This is what is often known as a "post-conflict environment." Things like this grenade incident happen all the time. I can spot a hick with a gun rack in the US; in Rumbek, some of the bicycles have gun racks! So weapons are everywhere, as a lot of the ramshackle army ended up bringing their stocks home with them, stashing them away, and continuing to solve conflicts the way the army trained them. It gets much worse, though. 22 years have done more than deprive an entire generation of education. Young men in the army don't know anything else. Who can you get-among men who were once field lieutenants and battle-harden soldiers with huge war-time responsibilities-to do things like basic accounting? And it gets worse. Child soldiers exist among this society, often shunned and considered crazy. One of my colleagues asked her class about them and they knew exactly what she meant when she referred to them as "human landmines."
Anyway, back to Lele. He was the butt of many jokes in class for behaving like such an idiot. You see, I laughed when, a week later, I shook the man's hand and asked him what the hell he was thinking. This happened on Monday, when two of my more brazen students talked their way, with me in tow, into the Rumbek Prison for prisoner interviews. We entered through this huge rusty swinging door into a large courtyard with 100 guys, many in shackles (the murderers), sitting in nice rows under a mango tree. The commissioner introduced the journalists to the group and my students started their interviews. Probably 45 minutes went by, and they interviewed 5 or six guys apiece while the rest of the group was silent. Then one of the students starting yelling. "Jon, get over here - This is Lele!"

Tuesday, June 13, 2006

The Mango Tree Press

Here are some shots of the Mango Tree Press. As you can see, we're squeezing out much more than juice here! The taste of good journalism is much sweeter, and it doesn't sting when it gets in your eyes. In the top picture are all my students together, enjoying a guest lecture in the "Mango Tree Newsroom," where we meet every day. The other picture was taken last Friday; we went to lunch to celebrate (we're still learning shot composition).
Here's what I'm doing: I report to the Lakes State Ministry of Information, Culture and Youth Sports. It's a small, catch-all ministry in the Lakes State (think Texas or Vermont equivalent in Sudan) headed by a wonderful woman named Adok Costa Maupor The long name represents the truly expansive responsibilities this ministry and all others must play in southern Sudan's political environment. The Ministry are the clients, essentially, of a USAID-funded program facilitated by myself, a visiting expert in media provided by Volunteers for Economic Growth Alliance (VEGA). Catch all that? Capacity building is buzz word here: I work at increasing the media capacities of the Lakes State Ministry of Information and yadda yadda.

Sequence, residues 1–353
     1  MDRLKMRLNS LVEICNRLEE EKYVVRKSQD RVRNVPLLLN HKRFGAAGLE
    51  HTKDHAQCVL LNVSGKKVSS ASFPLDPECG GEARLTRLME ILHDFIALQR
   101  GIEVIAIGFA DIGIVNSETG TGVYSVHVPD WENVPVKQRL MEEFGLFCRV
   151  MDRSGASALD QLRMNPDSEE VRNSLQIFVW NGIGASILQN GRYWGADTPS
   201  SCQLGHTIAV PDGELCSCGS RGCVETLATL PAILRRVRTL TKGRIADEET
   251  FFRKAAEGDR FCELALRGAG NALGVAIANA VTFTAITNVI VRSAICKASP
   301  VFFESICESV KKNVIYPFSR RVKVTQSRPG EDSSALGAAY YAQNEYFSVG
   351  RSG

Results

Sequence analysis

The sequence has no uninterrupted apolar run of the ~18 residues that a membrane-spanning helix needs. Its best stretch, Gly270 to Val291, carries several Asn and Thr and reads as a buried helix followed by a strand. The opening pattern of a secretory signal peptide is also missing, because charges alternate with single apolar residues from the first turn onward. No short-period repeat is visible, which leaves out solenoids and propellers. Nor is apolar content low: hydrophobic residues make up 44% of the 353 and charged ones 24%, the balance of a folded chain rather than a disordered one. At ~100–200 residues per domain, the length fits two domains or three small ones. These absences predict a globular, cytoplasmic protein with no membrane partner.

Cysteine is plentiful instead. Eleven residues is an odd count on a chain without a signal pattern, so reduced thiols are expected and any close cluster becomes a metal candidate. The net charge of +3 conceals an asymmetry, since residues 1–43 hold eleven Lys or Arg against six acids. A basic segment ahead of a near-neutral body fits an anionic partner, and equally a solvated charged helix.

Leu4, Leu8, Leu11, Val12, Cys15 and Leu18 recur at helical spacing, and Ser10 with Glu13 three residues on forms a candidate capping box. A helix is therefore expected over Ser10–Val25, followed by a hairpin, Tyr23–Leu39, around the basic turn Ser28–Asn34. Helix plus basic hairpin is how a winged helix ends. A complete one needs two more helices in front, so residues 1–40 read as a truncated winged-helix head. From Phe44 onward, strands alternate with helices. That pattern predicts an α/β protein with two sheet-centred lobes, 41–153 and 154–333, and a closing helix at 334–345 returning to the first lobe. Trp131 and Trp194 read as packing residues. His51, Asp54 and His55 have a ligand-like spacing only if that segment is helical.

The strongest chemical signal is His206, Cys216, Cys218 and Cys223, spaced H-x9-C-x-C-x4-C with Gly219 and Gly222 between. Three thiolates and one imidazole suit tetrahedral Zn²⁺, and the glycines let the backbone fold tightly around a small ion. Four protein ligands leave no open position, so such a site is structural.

A few interesting notes: First, VEGA is new at this media game. They have never done anything like this before, and in fact my project was labelled as a "pilot." How does such a young guy, with no experience in capacity building and only amateur experience in media, get this position? I begged for it! Yep, I wanted it bad, and you know what? I love it, and so far it's a huge success because my students are really going out there and fighting for stories, demanding facts. I owe the VEGA staff and other volunteers BIG, too.
Second, and relatedly, media, whether you like it or not, serves political functions. Therefore, my brand of capacity building is much more quirky (fun!) than other areas, like farming or information technologies, for examples. And there are no freakin' rules! No precedents. No examples. Just me, skating along at speeds politically equivalent to those at which even Russian Olympian speedskaters lose control and start getting hurt. Have I crossed the line here? Am I offsides or out of my lane? How would I know? Do they even have ice rinks in Africa? Strange things start happening.
Anyway, the heart and soul of this assignment is this group of 21 young journalists. They have been hired by the Ministry to become, essentially, public information officers for the Lakes State (think Texas or Vermont of Sudan). I have four weeks to give them all the knowledge and practical skills they need to rush into the fold and start gathering and writing news stories that will go out to the rest of Sudan, Africa, and farther. Just yesterday we began actually interviewing. I meet with the class in the morning, they organize into groups based on where they need to go, and off we go. At the end of the week we will have 50 completed news stories on events throughout Rumbek and the state, with interviews of Rumbek citizens from criminals in the prison to the Governor of Lakes State.